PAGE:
The Briefing provides a summary of the Food for Thought resources and gives a short overview of how these were developed.
This Interactive Introduction has been developed in recognition that it can be difficult for carers and workers to get to a Reflective Workshop at a time of their choosing. This short online guide introduces the user to some of the key concepts relating to Food for Thought. It aims to raise awareness of food in relation to care. Users are asked to reflect on their own experiences and relate these to some of the key findings of our research.
Reflective Tool Guidance
This resource introduces first time users to the Reflective Tool. It provides detailed guidance on the development of the Tool, why it can be helpful and how to use it.
The Reflective Tool is intended to be used by individual carers or residential workers after they have attended the Reflective Workshop or completed the Online Interactive Guide. The Reflective Tool will guide users through a series of questions and prompts to create a ‘snap shot’ of their personal food-related interactions with individual children in their care. It is intended that through such reflection, carers working in any context will be more able to articulate issues and understand the significance of their own, as well as the young person’s behaviours, values, expectations and feelings.
You can download two different versions:
The JOTIT Notebook is intended as a space for carers, staff or young people to write down food related reflections or events as they occur. Carers and staff may not have many opportunities for lengthy periods of structured reflection, so this provides a way to collect reminders of issues and events as they happen for those times when reflection is more possible. This resource can be completed by one person or a team/family. They may choose to draw on their JOTIT notes to complete the Reflective Tool, in preparation for supervision with managers or support workers or prior to Peer Support discussion.
Peer Support Guidance
Peer Support Guidance is provided for facilitators and supervisors who will be running the peer support discussions. Whilst the Reflective Workshops primarily concentrate on raising awareness and engaging in introductory discussion about the role of food in care, we have found that carers and residential workers need opportunities to discuss these issues in relation to the situations they are facing on a day to day basis. Peer Support groups which focus on food practices provide opportunities to share experiences or concerns about food and to learn with and from others in similar situations.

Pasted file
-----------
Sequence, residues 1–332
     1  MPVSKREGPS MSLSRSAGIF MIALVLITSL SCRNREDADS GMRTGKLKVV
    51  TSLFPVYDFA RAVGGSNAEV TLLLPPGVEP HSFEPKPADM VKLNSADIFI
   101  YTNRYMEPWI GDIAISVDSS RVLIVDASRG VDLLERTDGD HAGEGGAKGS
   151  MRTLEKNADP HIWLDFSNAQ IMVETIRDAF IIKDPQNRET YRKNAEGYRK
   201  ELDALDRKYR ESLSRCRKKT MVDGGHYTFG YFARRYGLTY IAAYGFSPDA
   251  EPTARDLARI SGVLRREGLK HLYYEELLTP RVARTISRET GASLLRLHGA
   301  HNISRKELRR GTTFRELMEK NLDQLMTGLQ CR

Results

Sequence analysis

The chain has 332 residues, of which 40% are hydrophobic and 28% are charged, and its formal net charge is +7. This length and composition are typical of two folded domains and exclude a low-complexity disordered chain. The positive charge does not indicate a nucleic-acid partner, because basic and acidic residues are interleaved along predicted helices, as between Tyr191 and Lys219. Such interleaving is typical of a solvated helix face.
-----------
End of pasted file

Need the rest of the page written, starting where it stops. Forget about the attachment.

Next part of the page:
The Importance of Food in the Healing Process (reproduced with permission from Barton, S. Gonzalez, R. and Tomlinson, P. (2012 ) Therapeutic Residential Care for Children and Young People: An Attachment and Trauma-Informed Model for Practice, pp 153 -161 London: Jessica Kingsley )
Ruth Emond and Samantha Punch explain their research into the symbolic use of food in foster and residential care. An audio version of this interview Food and food practices in residential care may be downloaded from Iriss.fm internet radio.
Resource Handbook for Reflection
Punch, S., Dorrer, N., Emond, R. and McIntosh, I. (2009) Food practices in residential children’s homes: the views and experiences of staff and children . A resource handbook for reflection. Stirling: University of Stirling.
Leaflet for children
Emond, R., Dorrer, N., Punch, S. and McIntosh, I. (2014) ‘Children’s views on food in residential care’, Information leaflet for children and young people, Stirling: University of Stirling.